Machine Learning Datasets in R (10 datasets you can use right now)

You need standard datasets to practice machine learning.

In this short post you will discover how you can load standard classification and regression datasets in R.

This post will show you 3 R libraries that you can use to load standard datasets and 10 specific datasets that you can use for machine learning in R.

It is invaluable to load standard datasets in R so that you can test, practice and experiment with machine learning techniques and improve your skill with the platform.

Let’s get started.

Practice On Small Well-Understood Datasets

There are hundreds of standard test datasets that you can use to practice and get better at machine learning.

Most of them are hosted for free on the UCI Machine Learning Repository. These datasets are useful because they are well understood, they are well behaved and they are small.

This last point is critical when practicing machine learning because:

  • You can download them fast.
  • You can fit them into memory easily.
  • You can run algorithms on them quickly.

Learn more about practicing machine learning using datasets from the UCI Machine Learning Repository in the post:

Access Standard Datasets in R

You can load the standard datasets into R as CSV files.

There is a more convenient approach to loading the standard dataset. They have been packaged and are available in third party R libraries that you can download from the Comprehensive R Archive Network (CRAN).

Which libraries should you use and what datasets are good to start with.

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How To Load Standard Datasets in R

In this section you will discover the libraries that you can use to get access to standard machine learning datasets.

You will also discover specific classification and regression that you can load and use to practice machine learning in R.

Library: datasets

Iris Flowers Dataset

Iris Flowers Dataset
Photo by Rick Ligthelm, some rights reserved.

The datasets library comes with base R which means you do not need to explicitly load the library. It includes a large number of datasets that you can use.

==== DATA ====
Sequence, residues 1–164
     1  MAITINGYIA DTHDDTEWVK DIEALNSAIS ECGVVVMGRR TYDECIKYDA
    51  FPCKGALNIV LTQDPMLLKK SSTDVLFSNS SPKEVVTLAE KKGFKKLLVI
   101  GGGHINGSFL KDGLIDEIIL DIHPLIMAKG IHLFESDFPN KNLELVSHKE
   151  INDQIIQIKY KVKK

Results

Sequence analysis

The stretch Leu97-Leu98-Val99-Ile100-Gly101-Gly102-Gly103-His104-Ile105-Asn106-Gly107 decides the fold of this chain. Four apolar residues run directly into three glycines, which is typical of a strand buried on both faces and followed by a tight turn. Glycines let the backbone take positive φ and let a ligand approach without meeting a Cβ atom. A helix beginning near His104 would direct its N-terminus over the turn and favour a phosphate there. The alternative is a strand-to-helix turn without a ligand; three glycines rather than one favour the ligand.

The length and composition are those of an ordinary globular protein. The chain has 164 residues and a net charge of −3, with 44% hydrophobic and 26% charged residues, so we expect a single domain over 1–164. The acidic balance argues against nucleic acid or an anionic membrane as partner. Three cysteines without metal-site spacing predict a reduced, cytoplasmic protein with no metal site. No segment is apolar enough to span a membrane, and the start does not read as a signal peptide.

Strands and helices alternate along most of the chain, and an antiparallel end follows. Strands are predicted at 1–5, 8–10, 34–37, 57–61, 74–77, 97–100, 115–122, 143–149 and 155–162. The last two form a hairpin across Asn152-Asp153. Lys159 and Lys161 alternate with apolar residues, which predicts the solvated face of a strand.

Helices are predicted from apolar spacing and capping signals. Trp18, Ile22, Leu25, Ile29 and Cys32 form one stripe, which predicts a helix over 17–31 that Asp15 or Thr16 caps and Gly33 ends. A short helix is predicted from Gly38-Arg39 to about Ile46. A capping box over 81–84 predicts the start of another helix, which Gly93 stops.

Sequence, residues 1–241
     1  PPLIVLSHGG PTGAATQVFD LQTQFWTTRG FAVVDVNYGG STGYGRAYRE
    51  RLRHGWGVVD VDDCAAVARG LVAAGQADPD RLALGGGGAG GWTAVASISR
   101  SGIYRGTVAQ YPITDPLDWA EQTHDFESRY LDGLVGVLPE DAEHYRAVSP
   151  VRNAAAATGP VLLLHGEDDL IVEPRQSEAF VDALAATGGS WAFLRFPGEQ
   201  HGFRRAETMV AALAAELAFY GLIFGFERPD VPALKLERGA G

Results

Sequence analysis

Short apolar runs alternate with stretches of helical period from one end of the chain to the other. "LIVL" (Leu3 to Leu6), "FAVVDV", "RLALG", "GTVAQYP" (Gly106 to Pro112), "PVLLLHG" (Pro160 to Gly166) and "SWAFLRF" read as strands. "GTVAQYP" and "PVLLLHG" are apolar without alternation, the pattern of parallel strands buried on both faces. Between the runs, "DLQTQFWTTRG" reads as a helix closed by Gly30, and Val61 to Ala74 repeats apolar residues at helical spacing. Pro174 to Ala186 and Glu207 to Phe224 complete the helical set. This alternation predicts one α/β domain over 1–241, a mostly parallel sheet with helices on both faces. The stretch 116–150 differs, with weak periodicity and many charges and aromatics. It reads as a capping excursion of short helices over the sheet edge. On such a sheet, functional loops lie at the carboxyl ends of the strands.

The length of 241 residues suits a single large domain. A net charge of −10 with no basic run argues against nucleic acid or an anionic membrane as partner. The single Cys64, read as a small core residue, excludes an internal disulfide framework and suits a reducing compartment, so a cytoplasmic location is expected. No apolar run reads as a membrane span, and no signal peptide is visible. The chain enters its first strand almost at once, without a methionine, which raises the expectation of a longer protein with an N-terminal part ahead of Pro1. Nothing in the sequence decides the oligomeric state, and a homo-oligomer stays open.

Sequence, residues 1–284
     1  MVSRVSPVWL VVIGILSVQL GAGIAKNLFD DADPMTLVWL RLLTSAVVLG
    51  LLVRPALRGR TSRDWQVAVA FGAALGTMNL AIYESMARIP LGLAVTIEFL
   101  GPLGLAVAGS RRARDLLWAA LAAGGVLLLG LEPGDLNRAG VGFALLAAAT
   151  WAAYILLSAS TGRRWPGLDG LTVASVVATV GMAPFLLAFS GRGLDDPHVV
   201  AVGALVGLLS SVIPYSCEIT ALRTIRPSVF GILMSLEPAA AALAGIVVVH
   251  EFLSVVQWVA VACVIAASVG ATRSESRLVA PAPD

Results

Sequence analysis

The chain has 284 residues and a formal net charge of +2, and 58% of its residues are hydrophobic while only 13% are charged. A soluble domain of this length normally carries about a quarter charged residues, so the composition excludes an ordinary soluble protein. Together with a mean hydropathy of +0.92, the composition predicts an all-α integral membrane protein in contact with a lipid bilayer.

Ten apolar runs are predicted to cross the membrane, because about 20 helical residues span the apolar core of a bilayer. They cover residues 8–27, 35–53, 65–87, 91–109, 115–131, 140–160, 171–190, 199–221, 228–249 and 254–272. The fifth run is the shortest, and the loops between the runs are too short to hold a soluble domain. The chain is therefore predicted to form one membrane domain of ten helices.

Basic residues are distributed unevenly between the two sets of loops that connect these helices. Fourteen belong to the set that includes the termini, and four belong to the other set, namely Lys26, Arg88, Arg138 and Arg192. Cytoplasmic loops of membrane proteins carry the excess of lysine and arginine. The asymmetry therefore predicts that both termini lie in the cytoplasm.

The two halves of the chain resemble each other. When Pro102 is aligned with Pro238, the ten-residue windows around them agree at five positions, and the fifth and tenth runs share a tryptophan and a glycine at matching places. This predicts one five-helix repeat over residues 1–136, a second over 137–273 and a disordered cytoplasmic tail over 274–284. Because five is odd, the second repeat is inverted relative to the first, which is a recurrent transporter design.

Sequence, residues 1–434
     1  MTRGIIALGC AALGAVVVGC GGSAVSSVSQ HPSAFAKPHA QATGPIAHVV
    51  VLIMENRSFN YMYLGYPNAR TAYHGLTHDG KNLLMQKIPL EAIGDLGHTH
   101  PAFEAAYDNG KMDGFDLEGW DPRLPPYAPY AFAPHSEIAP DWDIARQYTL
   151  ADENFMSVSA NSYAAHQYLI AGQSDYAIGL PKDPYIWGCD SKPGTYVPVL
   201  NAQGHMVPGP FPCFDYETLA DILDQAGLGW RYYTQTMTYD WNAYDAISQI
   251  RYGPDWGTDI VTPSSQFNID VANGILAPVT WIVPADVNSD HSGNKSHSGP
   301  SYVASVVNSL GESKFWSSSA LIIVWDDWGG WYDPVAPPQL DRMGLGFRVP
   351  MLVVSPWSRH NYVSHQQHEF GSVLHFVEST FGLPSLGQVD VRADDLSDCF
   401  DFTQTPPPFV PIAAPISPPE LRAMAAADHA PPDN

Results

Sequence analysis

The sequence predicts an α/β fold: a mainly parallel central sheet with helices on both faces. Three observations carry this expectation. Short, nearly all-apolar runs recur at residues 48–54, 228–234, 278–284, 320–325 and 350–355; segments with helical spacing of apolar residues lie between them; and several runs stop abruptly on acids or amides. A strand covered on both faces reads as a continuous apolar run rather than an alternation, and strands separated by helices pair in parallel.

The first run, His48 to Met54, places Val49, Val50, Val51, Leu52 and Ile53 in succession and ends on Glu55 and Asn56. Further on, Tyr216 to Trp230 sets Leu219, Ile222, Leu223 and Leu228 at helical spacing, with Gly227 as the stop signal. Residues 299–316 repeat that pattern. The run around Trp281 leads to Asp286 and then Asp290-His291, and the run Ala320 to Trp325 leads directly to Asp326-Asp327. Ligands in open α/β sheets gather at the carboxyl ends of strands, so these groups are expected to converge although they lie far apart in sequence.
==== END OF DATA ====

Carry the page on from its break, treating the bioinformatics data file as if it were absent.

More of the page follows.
You can load a dataset from this library by typing:

For example, to load the very commonly used iris dataset:

To see a list of the datasets available in this library, you can type:

Some highlights datasets from this package that you could use are below.

Iris Flowers Dataset

  • Description: Predict iris flower species from flower measurements.
  • Type: Multi-class classification
  • Dimensions: 150 instances, 5 attributes
  • Inputs: Numeric
  • Output: Categorical, 3 class labels
  • UCI Machine Learning Repository: Description
  • Published accuracy results: Summary

You will see:

Longley’s Economic Regression Data

  • Description: Predict number of people employed from economic variables
  • Type: Regression
  • Dimensions: 16 instances, 7 attributes
  • Inputs: Numeric
  • Output: Numeric

You will see:

Library: mlbench

Soybean Dataset

Soybean Dataset
Photo by United Soybean Board, some rights reserved.

Direct from the manual for the library:

A collection of artificial and real-world machine learning benchmark problems, including, e.g., several data sets from the UCI repository.

You can learn more about the mlbench library on the mlbench CRAN page.

If not installed, you can install this library as follows:

You can load the library as follows:

To see a list of the datasets available in this library, you can type:

Some highlights datasets from this library that you could use are:

Boston Housing Data

  • Description: Predict the house price in Boston from house details
  • Type: Regression
  • Dimensions: 506 instances, 14 attributes
  • Inputs: Numeric
  • Output: Numeric
  • UCI Machine Learning Repository: Description

You will see:

Wisconsin Breast Cancer Database

  • Description: Predict whether a cancer is malignant or benign from biopsy details.
  • Type: Binary Classification
    Dimensions: 699 instances, 11 attributes
  • Inputs: Integer (Nominal)
  • Output: Categorical, 2 class labels
  • UCI Machine Learning Repository: Description
  • Published accuracy results: Summary

You will see:

Glass Identification Database

  • Description: Predict the glass type from chemical properties.
  • Type: Classification
  • Dimensions: 214 instances, 10 attributes
  • Inputs: Numeric
  • Output: Categorical, 7 class labels
  • UCI Machine Learning Repository: Description
  • Published accuracy results: Summary

You will see:

Johns Hopkins University Ionosphere database

  • Description: Predict high-energy structures in the atmosphere from antenna data.
  • Type: Classification
  • Dimensions: 351 instances, 35 attributes
  • Inputs: Numeric
  • Output: Categorical, 2 class labels
  • UCI Machine Learning Repository: Description
  • Published accuracy results: Summary

You will see:

Pima Indians Diabetes Database

  • Description: Predict the onset of diabetes in female Pima Indians from medical record data.
  • Type: Binary Classification
  • Dimensions: 768 instances, 9 attributes
  • Inputs: Numeric
  • Output: Categorical, 2 class labels
  • UCI Machine Learning Repository: Description
  • Published accuracy results: Summary

You will see:

Sonar, Mines vs. Rocks

  • Description: Predict metal or rock returns from sonar return data.